Completely disregarding the argument about whether a new cinematic continuity is a good idea or not, any Whovian is going to have considered the idea before yesterday's scoop. As we're obviously all agreed that Christopher Walken should voice the Daleks (because that would be incredible), we've rounded up some of our favourites to take on the controls of the Tardis.
There are a few caveats to the list, naturally. It wouldn't be »
To call the premake of The Thing a mixed bag is a bit of an understatement. Even after all these weeks have passed, we still can't shake the feeling that there was behind-the-scenes turmoil we may never be privy to. The film for the most part was a decent combination of CGI and practical effects--that is, until the third act, when some sort of switch was flipped and we got an entirely different movie.
In any event, Make-Up Artist Magazine scored some really cool concept art and images from the film that feature some sick looking beasties. Hit up the link below for the rest after you're done checking out the sampling we have here.
"Vincent Guastini's special make-up effects credits include Requiem for a Dream, Dogma and Saturday Night Live; he also contributed to the recent prequel of The Thing, although you wouldn’t know it from watching the film. »
- Uncle Creepy
A common complaint about this year’s The Thing prequel was the lack of practical effects and overabundance of CGI, in great contrast to the John Carpenter original. Though this wasn’t initially the case, as way back when the idea was a SyFy channel original project under the supervision of Frank Darabont.
Originally Make-Up Artist and huge fan of The Thing mythos, Vincent Guastini (Requiem For A Dream, Dogma, Thinner) was in talks to design some of the practical creature effects for the film. Ultimately this work was phased out of the film, but some of the concept art and designs have hit the web (via Make Up Mag) and now’s your chance to see The Thing that could have been:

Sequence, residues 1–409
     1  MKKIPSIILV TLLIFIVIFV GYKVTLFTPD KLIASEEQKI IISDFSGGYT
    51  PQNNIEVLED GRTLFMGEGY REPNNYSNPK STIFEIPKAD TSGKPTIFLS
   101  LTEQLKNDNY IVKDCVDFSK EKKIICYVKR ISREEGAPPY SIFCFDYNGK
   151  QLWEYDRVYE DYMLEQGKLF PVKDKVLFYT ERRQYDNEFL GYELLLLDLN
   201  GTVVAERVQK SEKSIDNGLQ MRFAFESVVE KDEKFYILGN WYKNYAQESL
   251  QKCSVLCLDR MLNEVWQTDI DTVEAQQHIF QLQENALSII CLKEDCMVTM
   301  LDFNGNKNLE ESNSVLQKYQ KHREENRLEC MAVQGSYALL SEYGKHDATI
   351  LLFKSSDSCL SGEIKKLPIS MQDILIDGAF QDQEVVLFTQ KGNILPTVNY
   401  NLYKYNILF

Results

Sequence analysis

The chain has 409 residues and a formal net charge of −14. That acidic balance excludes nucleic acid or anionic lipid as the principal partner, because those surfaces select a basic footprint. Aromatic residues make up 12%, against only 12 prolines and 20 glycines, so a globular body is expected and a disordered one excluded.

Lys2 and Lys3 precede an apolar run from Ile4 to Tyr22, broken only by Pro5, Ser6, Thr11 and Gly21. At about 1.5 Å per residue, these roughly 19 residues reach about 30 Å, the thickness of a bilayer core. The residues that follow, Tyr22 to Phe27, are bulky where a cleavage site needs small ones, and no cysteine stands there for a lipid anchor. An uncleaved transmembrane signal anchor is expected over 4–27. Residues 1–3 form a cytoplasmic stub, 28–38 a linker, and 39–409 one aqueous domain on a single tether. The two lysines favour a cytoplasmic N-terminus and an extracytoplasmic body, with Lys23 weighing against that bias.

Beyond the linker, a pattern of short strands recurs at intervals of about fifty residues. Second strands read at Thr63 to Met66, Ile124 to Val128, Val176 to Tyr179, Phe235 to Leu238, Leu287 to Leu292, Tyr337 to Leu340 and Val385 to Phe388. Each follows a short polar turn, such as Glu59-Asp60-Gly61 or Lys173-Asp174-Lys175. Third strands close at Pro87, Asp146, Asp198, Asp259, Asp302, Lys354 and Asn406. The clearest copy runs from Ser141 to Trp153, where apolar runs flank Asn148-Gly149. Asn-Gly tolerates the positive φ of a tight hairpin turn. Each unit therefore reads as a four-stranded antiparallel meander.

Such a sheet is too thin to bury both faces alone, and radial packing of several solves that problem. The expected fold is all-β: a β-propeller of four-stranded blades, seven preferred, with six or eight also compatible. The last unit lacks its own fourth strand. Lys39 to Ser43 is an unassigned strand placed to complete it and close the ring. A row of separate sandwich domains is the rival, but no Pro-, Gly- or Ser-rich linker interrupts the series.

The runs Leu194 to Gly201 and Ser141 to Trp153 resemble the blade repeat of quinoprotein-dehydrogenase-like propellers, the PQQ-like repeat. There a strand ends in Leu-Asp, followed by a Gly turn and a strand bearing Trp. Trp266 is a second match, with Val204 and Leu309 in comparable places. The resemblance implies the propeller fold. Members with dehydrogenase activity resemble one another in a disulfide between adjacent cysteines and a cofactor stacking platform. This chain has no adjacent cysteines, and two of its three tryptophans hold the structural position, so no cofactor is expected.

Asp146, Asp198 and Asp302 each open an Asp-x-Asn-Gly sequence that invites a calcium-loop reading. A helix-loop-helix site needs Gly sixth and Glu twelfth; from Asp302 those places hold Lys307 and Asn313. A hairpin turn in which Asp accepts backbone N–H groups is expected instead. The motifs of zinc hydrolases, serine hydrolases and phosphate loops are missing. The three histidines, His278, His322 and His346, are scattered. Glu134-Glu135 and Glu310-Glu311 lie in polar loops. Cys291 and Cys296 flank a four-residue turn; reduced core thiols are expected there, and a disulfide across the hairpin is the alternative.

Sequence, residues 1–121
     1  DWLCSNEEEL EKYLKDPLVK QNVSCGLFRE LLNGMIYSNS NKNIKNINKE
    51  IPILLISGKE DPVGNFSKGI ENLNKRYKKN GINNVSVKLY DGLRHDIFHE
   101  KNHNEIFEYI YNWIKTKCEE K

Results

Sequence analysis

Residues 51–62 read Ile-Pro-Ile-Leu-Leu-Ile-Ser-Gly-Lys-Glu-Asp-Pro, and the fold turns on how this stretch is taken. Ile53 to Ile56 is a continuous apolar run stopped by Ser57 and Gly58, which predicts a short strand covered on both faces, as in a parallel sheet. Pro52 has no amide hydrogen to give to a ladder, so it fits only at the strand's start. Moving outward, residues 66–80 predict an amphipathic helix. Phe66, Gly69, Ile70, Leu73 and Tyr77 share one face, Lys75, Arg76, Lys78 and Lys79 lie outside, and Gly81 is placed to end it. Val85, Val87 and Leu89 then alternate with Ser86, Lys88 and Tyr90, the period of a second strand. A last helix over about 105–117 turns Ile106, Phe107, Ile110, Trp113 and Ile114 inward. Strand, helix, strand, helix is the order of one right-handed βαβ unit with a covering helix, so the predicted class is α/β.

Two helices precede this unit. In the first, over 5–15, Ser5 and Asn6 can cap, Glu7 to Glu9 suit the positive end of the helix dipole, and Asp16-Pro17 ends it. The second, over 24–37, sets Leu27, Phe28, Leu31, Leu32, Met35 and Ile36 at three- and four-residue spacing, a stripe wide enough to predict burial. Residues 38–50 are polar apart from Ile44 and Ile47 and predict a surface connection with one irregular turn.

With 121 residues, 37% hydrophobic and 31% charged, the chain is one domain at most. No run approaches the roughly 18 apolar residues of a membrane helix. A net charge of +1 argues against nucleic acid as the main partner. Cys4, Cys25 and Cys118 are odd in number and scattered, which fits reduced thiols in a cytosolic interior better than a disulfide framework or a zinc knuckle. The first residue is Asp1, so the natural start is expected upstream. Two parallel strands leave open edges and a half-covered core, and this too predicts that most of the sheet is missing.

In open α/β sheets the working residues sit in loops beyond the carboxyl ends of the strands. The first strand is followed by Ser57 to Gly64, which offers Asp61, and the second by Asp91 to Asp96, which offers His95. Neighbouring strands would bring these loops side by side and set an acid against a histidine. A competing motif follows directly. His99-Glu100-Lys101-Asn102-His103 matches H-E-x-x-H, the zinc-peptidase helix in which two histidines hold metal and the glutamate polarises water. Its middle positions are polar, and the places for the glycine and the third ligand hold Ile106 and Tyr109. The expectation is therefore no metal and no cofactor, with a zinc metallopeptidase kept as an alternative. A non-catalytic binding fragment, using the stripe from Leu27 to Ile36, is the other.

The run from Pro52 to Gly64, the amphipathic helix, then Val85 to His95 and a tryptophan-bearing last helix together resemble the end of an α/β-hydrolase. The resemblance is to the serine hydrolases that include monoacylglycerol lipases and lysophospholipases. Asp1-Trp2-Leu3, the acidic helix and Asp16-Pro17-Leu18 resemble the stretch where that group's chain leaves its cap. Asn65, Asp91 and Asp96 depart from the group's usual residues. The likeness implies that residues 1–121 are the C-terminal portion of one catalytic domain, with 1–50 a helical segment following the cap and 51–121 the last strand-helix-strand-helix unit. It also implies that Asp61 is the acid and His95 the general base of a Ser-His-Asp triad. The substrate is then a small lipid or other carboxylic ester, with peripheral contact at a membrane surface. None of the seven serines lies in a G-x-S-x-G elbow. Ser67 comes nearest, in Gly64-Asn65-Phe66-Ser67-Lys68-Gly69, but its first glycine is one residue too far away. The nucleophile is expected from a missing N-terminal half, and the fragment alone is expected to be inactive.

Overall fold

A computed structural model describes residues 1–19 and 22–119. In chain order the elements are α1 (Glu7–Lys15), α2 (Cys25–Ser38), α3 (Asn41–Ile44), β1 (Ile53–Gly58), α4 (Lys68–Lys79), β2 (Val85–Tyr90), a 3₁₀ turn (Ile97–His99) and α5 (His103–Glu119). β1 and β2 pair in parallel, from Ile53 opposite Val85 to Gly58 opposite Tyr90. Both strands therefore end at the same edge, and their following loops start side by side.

See the rest and tell us, would this direction have made for a better film? Did you like the 2011 version? Let us know in the comments!
Director Alex Proyas is undertaking a pretty gargantuan feat in his attempt to adapt John Milton's epic poem "Paradise Lost" for the big screen. In fact, it's so gargantuan that even its stars can't wrap their mind about what it's going to look like.
The project has gathered an impressive cast to play some of the most famous Biblical characters of all time. Bradley Cooper will play Lucifer, Camilla Belle and Diego Boneta will play Eve and Adam, and Casey Affleck will play the archangel Gabriel. It will be interesting to see how Proyas manages to bring the classic to the big screen using modern inventions like CGI. We're assuming that the angels in this film will look a bit more impressive than the one's in Kevin Smith's "Dogma," for instance. (No disrespect intended, Matt and Ben!)
So what exactly will "Paradise Lost" look like? When MTV caught »
- Terri Schwartz
The pair are set to collaborate on a biopic of notorious American criminal Whitey Bulger, said Damon in a recent interview